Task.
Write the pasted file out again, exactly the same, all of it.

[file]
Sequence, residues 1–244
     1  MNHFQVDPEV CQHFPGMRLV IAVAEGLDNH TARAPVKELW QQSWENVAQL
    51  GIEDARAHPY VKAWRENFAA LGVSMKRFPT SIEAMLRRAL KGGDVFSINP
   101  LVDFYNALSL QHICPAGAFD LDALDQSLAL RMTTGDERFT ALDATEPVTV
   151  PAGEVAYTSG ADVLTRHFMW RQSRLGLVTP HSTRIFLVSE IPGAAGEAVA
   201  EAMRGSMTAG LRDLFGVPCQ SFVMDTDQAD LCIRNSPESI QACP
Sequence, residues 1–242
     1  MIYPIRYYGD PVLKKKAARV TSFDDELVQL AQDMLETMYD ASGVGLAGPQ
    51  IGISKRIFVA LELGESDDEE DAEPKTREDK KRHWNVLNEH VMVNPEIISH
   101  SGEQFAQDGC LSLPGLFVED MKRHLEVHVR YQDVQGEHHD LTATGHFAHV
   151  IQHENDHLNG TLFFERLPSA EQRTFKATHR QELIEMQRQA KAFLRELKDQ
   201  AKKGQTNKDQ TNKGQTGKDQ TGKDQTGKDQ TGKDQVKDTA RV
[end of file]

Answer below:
Sequence, residues 1–244
     1  MNHFQVDPEV CQHFPGMRLV IAVAEGLDNH TARAPVKELW QQSWENVAQL
    51  GIEDARAHPY VKAWRENFAA LGVSMKRFPT SIEAMLRRAL KGGDVFSINP
   101  LVDFYNALSL QHICPAGAFD LDALDQSLAL RMTTGDERFT ALDATEPVTV
   151  PAGEVAYTSG ADVLTRHFMW RQSRLGLVTP HSTRIFLVSE IPGAAGEAVA
   201  EAMRGSMTAG LRDLFGVPCQ SFVMDTDQAD LCIRNSPESI QACP
Sequence, residues 1–242
     1  MIYPIRYYGD PVLKKKAARV TSFDDELVQL AQDMLETMYD ASGVGLAGPQ
    51  IGISKRIFVA LELGESDDEE DAEPKTREDK KRHWNVLNEH VMVNPEIISH
   101  SGEQFAQDGC LSLPGLFVED MKRHLEVHVR YQDVQGEHHD LTATGHFAHV
   151  IQHENDHLNG TLFFERLPSA EQRTFKATHR QELIEMQRQA KAFLRELKDQ
   201  AKKGQTNKDQ TNKGQTGKDQ TGKDQTGKDQ TGKDQVKDTA RV